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Katherine Hill, MD

Especialidades médicas y/o especialidades quirúrgicas

Pediatrics

Adolescent Medicine

Trabajo y educación

Educación

Stanford University Registrar, Stanford, CA, 6/15/2013

Últimos años de residencia

Stanford University Pediatric Residency, Palo Alto, CA, 6/30/2016

Certificado(s) de especialidad

Pediatrics, American Board of Pediatrics

Todo Publicaciones

Associations between ergogenic supplement use and eating behaviors among university students. Eating disorders Nagata, J. M., Peebles, R., Hill, K. B., Gorrell, S., Carlson, J. L. 2020: 117

Abstract

Ergogenic supplements to improve athletic performance are commonly used among college athletes, but little is known about their association with eating disorder symptoms. The objective of this study was to examine associations between ergogenic supplement use and disordered eating attitudes and behaviors among university students, and to compare differences by sex. Undergraduate students from 10 top-ranked National College Athletics Association (NCAA) Division I colleges completed an online survey on supplement use, athletic activities, and eating attitudes and behaviors. Among 1633 university students, males (38.9%) reported higher rates of current supplement use than females (15.2%) (p <.001). In linear regression models adjusting for athletic status and body mass index, current supplement use was associated with higher Eating Disorders Examination-Questionnaire (EDE-Q) Global, Shape Concern, and Restraint scores in both males and females. Supplement use was associated with driven/compelled exercise (OR 2.00, 95% CI 1.33-2.99) in males and diuretic (OR 6.39, 95% CI 2.02-20.22) and diet pill use (OR 3.07, 95% CI 1.79-5.27) in females. Results suggest ergogenic supplement use is common in undergraduates and associated with disordered eating attitudes and behaviors. Clinicians should screen for disordered eating behaviors particularly in young adults who use ergogenic supplements.

View details for DOI 10.1080/10640266.2020.1712637

View details for PubMedID 32129729

EFFECTS OF PARTICIPATION IN AN INPATIENT REPRODUCTIVE HEALTH CONSULT SERVICE ON PEDIATRIC RESIDENTS' COMPETENCE IN PROVIDING REPRODUCTIVE CARE FOR ADOLESCENTS AND YOUNG ADULTS Hill, K., Goldstein, R. ELSEVIER SCIENCE INC. 2019: S86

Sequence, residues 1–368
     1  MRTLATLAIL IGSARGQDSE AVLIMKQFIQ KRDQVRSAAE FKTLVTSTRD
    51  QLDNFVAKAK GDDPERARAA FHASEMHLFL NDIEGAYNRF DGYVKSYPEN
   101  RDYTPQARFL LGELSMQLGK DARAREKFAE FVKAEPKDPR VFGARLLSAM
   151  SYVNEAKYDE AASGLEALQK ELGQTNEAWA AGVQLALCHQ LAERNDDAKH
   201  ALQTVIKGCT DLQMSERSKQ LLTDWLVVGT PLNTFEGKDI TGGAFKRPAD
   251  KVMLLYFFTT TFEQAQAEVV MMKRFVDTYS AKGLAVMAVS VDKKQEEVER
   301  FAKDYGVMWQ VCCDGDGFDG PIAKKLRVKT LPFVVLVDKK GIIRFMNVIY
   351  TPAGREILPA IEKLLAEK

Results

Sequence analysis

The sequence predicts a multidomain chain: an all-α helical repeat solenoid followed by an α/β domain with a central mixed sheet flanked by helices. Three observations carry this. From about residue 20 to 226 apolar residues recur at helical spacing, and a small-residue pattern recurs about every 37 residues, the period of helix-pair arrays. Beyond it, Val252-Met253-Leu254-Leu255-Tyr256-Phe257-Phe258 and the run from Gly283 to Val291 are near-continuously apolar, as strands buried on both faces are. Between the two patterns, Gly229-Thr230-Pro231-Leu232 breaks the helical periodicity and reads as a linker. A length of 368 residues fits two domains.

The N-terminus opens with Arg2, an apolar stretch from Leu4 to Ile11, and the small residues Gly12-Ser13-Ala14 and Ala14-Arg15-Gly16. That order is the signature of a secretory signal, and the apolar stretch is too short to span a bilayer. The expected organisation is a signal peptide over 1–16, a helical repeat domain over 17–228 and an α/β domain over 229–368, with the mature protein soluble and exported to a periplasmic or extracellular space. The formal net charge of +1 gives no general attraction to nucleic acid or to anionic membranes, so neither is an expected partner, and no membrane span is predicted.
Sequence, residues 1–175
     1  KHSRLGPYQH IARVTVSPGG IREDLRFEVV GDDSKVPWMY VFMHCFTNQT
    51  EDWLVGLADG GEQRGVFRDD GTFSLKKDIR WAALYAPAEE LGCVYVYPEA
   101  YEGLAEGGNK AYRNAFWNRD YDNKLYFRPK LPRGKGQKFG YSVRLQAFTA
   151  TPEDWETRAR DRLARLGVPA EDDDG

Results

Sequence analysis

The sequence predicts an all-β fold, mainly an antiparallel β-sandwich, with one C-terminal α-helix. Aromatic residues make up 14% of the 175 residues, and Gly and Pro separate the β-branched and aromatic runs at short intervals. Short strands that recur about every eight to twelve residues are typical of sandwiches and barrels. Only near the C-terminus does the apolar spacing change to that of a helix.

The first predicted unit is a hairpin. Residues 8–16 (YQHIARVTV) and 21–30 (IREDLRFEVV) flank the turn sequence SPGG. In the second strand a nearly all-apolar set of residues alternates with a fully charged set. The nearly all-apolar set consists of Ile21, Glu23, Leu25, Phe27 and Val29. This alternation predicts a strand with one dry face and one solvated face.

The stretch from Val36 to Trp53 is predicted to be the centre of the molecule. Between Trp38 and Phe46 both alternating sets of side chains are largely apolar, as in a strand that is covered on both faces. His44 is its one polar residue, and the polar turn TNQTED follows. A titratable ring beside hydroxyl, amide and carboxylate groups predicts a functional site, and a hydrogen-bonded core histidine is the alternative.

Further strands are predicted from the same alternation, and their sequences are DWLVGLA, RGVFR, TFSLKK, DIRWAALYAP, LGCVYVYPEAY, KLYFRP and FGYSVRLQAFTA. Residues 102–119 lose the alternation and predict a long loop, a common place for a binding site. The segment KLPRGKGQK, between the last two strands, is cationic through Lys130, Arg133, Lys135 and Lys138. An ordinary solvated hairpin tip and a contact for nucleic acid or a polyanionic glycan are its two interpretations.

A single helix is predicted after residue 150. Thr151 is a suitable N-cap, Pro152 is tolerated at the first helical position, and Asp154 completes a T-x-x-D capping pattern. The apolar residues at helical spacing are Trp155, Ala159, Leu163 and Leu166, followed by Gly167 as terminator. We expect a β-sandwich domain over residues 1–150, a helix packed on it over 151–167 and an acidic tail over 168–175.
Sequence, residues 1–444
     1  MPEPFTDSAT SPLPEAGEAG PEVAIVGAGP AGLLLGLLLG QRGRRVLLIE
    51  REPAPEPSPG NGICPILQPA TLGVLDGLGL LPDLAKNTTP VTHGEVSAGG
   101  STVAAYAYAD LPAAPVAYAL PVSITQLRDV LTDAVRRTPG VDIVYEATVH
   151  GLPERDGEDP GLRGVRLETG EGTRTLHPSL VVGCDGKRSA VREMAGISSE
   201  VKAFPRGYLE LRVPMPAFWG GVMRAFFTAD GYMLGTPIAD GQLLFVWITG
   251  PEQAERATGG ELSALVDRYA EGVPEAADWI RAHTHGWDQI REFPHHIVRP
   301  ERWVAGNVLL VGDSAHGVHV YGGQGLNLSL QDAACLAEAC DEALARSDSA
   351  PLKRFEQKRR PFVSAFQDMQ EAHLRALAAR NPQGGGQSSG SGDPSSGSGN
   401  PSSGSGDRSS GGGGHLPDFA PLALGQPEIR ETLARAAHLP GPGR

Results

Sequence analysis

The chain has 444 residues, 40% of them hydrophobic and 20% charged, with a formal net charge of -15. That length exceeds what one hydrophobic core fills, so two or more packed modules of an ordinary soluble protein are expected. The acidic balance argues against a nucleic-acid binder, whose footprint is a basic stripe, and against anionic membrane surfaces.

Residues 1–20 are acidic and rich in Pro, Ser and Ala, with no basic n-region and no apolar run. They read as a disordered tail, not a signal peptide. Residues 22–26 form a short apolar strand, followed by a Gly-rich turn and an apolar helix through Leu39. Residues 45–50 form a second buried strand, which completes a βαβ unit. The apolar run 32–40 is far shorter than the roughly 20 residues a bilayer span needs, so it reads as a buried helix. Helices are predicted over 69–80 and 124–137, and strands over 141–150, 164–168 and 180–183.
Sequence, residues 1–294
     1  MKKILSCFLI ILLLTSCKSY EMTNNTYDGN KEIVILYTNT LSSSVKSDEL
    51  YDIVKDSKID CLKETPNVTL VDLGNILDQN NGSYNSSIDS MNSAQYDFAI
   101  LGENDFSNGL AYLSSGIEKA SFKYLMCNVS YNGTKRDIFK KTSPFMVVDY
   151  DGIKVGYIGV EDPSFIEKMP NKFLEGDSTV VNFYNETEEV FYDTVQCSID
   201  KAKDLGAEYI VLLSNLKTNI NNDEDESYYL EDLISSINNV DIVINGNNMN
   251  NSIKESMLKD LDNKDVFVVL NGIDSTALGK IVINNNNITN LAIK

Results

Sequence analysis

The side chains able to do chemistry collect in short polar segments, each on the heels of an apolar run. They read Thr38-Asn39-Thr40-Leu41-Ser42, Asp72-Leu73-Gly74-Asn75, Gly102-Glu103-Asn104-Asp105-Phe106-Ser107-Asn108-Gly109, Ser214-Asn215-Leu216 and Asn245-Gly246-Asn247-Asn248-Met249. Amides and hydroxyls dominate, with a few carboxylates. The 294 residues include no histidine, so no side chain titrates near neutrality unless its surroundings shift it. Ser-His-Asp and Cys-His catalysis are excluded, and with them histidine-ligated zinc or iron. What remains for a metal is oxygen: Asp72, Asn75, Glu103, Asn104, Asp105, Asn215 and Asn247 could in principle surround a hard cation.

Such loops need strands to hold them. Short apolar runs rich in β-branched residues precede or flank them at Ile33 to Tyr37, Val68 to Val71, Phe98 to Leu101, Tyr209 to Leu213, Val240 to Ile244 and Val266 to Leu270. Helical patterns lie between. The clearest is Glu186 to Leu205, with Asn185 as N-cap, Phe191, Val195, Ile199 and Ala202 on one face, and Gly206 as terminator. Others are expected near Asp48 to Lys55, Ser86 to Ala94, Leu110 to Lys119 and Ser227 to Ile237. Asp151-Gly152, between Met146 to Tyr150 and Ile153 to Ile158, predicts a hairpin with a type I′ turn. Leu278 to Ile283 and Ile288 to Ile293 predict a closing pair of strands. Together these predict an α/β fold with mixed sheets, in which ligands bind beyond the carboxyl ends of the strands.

Eating behavior and reasons for exercise among competitive collegiate male athletes. Eating and weight disorders : EWD Gorrell, S., Nagata, J. M., Hill, K. B., Carlson, J. L., Shain, A. F., Wilson, J., Alix Timko, C., Hardy, K. K., Lock, J., Peebles, R. 2019

Abstract

Research concerning eating disorders among adolescent and young adult male athletes is limited compared with female counterparts, but increasing evidence indicates that they may be at unique risk for unhealthy exercise and eating behavior. The current study aimed to characterize unhealthy exercise and eating behavior according to competitive athlete status, as well as per sport type.Collegiate male athletes (N=611), each affiliated with one of the 10 National College Athletics Association (NCAA) Division I schools in the United States, completed an online survey, reporting on eating and extreme weight control behaviors, and reasons for exercise.Competitive athletes endorsed increased driven exercise and exercising when sick. Baseball players, cyclists, and wrestlers emerged as the sports with the most players reporting elevated Eating Disorder Examination-Questionnaire scores in a clinical range, and basketball players reported the highest rates of binge eating. overall, baseball players, cyclists, rowers, and wrestlers appeared to demonstrate the greatest vulnerability for unhealthy eating and exercise behavior.Findings revealed differences between competitive and non-competitive male athletes. Among competitive athletes, results identified unique risk for unhealthy eating and exercise behavior across a variety of sport categories and support continued examination of these attitudes and behaviors in a nuanced manner.Evidence obtained from well-designed controlled trials without randomization.

View details for DOI 10.1007/s40519-019-00819-0

View details for PubMedID 31782028

The Eating Disorder Examination Questionnaire (EDE-Q) among university men and women at different levels of athleticism. Eating behaviors Darcy, A. M., Hardy, K. K., Lock, J., Hill, K. B., Peebles, R. 2013; 14 (3): 378-381

Abstract

The aim of the current study was to establish norms for the Eating Disorder (ED) Examination Questionnaire (EDE-Q) among competitive athletes and to explore the contribution of level of athletic involvement and gender to ED psychopathology, as measured by the EDE-Q. University students (n=1637) from ten United States universities were recruited online via a social networking website and asked to complete an anonymous survey. The sample was then divided according to gender and level of sports participation. Females scored higher than males regardless of level of athleticism. Lower mean scores were frequently observed among those involved in competitive sports exclusively and highest scores among those involved in recreational sports (alone or in addition to competitive athletics). Recreational activity seems to be important in stratifying risk among competitive athletes; gender is an important interaction term in athletic populations.

View details for DOI 10.1016/j.eatbeh.2013.04.002

View details for PubMedID 23910784